Keratoconus (KCN) is a progressive disorder associated with structural changes in corneal collagen organization that leads to corneal thinning and ruptures in Bowman?s layer and/or Descemet?s membrane. As the disease progresses, it leads to irregular astigmatism, progressive myopia, and subsequently poor visual acuity. Treatment options are surprisingly limited with no oral or topical pharmaceutical therapy. Most mild KCN can be corrected with glasses or soft contact lenses but very often patients will need toric or hard contacts as the disease progresses. Ultimately, 1 in 5 patients will require surgery. Our technology is based on a co-factor for lysyl oxidase (LOX activity) and that low LOX activity in the cornea has been linked to the development of keratoconus both genetically and biochemically. We provide the evidence in preliminary results of a new topical eye drop effect on human keratoconus corneas in increasing both LOX activity and cornea stiffening. We also show the first morphological evidence of induced central corneal flattening in rabbits with optical coherence tomography (OCT). Based on the current evidence base, we outline new proactive pathways for keratoconus management and enabling a non-invasive and relatively cost effective treatment for keratoconus. We propose a research plan under three specific aims that will a) study the safety and tolerability of the eye drops in rabbits in vivo, b) study the effect of dosing frequency on rabbit corneal shape and biochemical crosslinking in vivo and c) to determine whether the eye drops induce biochemical crosslinking on human keratoconic corneas ex vivo.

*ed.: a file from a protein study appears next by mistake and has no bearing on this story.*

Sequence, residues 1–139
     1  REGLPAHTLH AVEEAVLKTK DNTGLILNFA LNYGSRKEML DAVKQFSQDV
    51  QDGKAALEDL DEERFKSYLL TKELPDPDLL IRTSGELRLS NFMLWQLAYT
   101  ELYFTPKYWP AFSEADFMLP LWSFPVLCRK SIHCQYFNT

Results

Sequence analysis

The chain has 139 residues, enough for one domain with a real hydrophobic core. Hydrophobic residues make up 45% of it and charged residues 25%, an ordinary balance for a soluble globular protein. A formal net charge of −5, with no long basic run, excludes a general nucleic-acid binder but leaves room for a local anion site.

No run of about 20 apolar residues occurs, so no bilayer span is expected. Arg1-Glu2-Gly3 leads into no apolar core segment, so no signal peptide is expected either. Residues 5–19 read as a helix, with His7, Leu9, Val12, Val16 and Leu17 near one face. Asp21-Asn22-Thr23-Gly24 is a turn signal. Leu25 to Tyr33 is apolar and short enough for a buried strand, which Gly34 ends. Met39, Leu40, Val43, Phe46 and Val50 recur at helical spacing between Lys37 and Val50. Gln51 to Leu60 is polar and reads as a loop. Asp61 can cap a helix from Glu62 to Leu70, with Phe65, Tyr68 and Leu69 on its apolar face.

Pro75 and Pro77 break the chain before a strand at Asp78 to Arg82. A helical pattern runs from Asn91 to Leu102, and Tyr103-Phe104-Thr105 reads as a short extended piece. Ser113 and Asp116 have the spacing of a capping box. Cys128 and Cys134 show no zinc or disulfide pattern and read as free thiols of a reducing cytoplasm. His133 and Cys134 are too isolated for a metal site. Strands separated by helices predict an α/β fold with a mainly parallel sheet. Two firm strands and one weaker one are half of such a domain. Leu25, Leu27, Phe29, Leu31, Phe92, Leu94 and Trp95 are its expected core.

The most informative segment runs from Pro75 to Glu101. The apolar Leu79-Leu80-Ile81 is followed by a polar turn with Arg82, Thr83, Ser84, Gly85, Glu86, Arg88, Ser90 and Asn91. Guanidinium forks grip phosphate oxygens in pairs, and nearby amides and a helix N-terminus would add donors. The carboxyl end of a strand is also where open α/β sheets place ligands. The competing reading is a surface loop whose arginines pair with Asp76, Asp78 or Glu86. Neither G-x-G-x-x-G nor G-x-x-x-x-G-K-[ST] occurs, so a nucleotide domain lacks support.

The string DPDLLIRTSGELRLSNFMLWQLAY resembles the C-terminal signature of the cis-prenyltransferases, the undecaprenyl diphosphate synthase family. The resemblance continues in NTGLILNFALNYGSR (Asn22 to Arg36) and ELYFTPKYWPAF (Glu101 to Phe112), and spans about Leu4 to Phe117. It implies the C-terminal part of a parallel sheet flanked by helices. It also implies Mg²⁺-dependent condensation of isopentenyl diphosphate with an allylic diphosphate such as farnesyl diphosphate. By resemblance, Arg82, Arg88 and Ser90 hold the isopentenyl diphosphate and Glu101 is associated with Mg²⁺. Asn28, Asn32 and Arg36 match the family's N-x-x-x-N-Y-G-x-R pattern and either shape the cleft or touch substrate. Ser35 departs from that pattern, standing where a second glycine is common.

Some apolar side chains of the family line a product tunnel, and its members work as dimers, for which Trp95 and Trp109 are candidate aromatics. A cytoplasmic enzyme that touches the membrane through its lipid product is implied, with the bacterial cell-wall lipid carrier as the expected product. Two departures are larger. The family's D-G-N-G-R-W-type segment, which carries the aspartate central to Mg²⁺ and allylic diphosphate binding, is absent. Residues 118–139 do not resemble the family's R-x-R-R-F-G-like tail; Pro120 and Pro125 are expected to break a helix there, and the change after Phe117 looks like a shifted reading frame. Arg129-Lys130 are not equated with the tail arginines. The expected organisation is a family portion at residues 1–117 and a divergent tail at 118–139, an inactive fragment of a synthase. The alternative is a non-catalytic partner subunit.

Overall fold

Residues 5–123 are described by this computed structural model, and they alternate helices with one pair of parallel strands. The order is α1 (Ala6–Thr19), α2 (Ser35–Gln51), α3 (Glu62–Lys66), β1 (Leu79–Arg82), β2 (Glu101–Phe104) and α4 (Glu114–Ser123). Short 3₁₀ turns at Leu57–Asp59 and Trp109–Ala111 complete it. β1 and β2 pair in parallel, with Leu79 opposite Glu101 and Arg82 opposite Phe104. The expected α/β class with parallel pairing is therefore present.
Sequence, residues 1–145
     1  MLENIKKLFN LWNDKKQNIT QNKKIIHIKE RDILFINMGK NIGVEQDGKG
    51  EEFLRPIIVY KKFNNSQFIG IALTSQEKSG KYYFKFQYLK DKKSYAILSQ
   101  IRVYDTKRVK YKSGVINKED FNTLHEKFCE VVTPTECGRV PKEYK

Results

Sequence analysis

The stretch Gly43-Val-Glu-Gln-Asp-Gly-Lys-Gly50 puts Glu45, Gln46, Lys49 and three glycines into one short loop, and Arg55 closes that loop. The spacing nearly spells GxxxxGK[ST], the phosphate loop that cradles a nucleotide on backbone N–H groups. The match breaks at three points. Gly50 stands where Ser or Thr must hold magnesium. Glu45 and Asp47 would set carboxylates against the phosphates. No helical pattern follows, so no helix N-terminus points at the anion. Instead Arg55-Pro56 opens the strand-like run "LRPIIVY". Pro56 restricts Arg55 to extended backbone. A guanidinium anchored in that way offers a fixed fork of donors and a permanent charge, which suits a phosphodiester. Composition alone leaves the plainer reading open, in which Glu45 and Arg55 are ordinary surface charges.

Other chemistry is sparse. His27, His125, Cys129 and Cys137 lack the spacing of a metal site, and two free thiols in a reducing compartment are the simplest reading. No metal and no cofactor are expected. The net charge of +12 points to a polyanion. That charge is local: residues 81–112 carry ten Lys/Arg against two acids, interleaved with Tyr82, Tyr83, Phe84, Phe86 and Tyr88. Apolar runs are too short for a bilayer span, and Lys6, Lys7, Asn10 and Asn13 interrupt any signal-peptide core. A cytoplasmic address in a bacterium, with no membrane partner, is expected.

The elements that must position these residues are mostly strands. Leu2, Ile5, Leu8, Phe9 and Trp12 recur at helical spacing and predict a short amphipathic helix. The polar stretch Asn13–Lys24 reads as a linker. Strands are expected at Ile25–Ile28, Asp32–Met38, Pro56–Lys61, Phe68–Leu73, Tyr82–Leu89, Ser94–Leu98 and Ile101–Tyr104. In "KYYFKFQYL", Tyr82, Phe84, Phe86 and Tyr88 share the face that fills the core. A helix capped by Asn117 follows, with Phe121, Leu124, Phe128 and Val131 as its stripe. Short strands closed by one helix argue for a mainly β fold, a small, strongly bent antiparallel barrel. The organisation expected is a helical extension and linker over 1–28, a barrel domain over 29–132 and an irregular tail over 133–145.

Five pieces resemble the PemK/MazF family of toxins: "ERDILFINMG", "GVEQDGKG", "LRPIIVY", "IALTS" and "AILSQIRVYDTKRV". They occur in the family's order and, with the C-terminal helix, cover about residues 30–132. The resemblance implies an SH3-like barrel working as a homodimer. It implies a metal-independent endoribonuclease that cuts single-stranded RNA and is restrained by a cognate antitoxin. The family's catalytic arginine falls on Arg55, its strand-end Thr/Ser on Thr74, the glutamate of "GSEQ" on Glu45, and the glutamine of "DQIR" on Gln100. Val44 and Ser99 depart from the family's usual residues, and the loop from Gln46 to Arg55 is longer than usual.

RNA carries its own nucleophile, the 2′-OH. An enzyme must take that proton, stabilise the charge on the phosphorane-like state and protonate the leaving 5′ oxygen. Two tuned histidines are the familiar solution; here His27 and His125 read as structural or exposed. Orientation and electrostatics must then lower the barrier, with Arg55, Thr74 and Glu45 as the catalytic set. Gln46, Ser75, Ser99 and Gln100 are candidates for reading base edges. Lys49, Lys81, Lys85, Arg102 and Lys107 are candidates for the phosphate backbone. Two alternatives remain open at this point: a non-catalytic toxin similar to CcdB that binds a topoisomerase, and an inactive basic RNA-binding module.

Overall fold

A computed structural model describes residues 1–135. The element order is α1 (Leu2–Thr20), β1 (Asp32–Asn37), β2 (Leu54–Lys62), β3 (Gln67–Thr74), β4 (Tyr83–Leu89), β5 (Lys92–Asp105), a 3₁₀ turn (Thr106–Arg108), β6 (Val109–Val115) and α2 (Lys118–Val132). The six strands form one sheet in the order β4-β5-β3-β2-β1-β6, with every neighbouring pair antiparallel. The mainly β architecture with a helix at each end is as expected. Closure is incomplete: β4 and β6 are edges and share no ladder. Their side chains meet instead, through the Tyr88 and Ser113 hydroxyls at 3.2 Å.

Keratoconus is a non-inflammatory, progressive thinning of the cornea that is usually bilateral and involves the central two-thirds of the cornea. The thinning of cornea leads to irregular astigmatism, progressive myopia, and subsequently poor visual acuity. iVeena is proposing a new topical drug therapy for keratoconus. The proposed project has significance in terms of scientific relevance in elucidating a poorly understood disease condition? keratoconus?and the potential for advancing ocular therapeutics for other corneal-thinning disorders.